Asset Based Storytelling
Royal Borough of Kingston Upon Thames Libraries
Asset Based Storytelling is an Arts Council England funded project exploring the connection between community building and the act of storytelling and story exchange. The project is working with marginalised groups in the Royal Borough of Kingston Upon Thames including MIND; Refugee Action Kingston; Hestia; and Kingston Action on Homelessness. The aim is to build links across the community groups that the project team and library service work with.
The library service and other groups in the council are working closely with experts from Kingston University who are researching, analysing and reporting on the outcomes of the project to create a toolkit that can be used by others to build communities through storytelling.
The library service benefits from the university’s skills in research and reporting on the project outcomes. The university researchers benefit from access to a broad range of members of the public.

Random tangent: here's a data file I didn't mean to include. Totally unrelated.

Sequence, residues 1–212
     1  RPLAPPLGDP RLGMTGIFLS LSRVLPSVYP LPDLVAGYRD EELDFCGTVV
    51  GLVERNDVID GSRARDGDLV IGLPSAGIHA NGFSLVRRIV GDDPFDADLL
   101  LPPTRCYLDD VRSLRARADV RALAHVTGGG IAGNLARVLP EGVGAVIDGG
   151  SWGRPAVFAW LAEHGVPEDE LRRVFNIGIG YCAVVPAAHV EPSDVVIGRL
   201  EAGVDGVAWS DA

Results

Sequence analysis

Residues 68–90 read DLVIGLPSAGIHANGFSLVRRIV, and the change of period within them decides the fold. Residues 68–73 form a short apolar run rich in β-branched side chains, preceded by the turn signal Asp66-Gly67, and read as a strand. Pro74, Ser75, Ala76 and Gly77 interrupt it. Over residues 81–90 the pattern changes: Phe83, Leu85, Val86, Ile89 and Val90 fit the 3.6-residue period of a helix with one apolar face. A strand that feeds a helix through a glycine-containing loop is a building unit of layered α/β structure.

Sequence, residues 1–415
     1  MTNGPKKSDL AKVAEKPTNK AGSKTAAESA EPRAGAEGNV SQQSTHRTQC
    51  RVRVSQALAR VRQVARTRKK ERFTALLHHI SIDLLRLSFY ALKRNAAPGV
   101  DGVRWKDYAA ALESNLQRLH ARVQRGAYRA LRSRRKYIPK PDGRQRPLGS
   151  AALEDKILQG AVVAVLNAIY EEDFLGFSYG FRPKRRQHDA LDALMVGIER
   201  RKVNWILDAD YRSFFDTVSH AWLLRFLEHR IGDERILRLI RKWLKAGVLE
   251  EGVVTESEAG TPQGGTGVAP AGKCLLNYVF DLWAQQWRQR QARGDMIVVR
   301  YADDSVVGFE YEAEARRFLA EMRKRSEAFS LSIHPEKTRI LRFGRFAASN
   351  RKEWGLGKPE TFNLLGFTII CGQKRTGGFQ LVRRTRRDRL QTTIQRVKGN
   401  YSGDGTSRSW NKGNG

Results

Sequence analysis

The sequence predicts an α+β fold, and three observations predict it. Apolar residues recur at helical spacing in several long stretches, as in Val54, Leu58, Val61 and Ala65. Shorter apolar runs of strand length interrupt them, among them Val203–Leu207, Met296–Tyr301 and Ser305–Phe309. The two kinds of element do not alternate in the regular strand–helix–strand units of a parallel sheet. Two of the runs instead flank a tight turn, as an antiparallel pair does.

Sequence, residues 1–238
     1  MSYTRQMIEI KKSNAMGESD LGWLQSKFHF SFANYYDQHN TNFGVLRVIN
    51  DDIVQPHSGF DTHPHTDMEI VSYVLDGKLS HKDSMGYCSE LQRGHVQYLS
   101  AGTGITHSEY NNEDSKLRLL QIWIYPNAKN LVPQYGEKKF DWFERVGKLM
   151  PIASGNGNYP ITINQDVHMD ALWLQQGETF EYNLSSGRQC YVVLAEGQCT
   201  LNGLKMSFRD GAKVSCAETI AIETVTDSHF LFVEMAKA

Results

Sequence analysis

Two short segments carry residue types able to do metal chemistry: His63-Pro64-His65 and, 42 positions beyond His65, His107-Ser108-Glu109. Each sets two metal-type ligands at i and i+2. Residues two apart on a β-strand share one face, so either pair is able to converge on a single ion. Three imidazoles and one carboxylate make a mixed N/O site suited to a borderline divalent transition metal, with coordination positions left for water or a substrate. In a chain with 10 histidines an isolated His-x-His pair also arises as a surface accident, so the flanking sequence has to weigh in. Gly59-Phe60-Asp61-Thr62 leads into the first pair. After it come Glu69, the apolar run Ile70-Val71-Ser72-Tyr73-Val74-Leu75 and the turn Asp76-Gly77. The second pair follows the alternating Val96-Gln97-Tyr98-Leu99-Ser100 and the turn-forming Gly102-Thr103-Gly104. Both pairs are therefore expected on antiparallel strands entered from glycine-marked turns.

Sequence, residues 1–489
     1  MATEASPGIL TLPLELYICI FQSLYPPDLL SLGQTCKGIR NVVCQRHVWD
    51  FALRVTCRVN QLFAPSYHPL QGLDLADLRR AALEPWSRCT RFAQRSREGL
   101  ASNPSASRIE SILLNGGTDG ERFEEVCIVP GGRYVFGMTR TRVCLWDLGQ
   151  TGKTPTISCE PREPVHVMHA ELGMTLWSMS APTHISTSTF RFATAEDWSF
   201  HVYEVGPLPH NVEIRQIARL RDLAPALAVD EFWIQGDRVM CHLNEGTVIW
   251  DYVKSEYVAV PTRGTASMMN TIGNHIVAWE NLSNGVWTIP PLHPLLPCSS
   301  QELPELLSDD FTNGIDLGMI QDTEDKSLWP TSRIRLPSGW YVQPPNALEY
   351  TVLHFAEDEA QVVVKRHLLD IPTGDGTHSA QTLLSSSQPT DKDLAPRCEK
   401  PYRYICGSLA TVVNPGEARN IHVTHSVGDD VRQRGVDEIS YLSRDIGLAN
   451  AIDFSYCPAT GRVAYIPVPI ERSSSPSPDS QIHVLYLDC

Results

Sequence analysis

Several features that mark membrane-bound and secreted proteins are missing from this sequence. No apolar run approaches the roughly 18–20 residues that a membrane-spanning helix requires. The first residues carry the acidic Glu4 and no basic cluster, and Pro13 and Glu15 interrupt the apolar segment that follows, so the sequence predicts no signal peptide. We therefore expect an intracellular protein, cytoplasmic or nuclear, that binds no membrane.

Kingston Libraries are working with storyteller Richard Neville to encourage the most vulnerable residents to build sustainable community connections. Residents with learning disabilities, asylum seekers, older residents and those experiencing mental health problems, are able to come together, share stories, exchange skills and create lasting connections.
Outputs will include books; website; exhibition and possibly other media depending on the interests of the group. The project team will also produce a toolkit for asset based storytelling in the community so that groups can continue or expand the project independently and more communities can benefit.
The project team have produced a book of stories with the members of the Community Library Service (Housebound) and used community transport to bring them for a tea at Hook Centre to launch the book. The contributors are proud to be authors and enjoyed connecting at the event.
The Hestia participants have shared that the project benefits their mental health, while teaching them creative skills which have helped them to grow in confidence in conversing with others.
Staff have supported the sessions and strengthened links with the community groups. The sessions have been instructive to staff about the structure of stories and tools that can be used to prompt their creation. They have also developed their own engagement skills by delivering a public reading of the reminiscence book created as part of the project and through participating in the sessions with Hestia and Mind.
Refugee Action Kingston
Kingston Action on Homelessness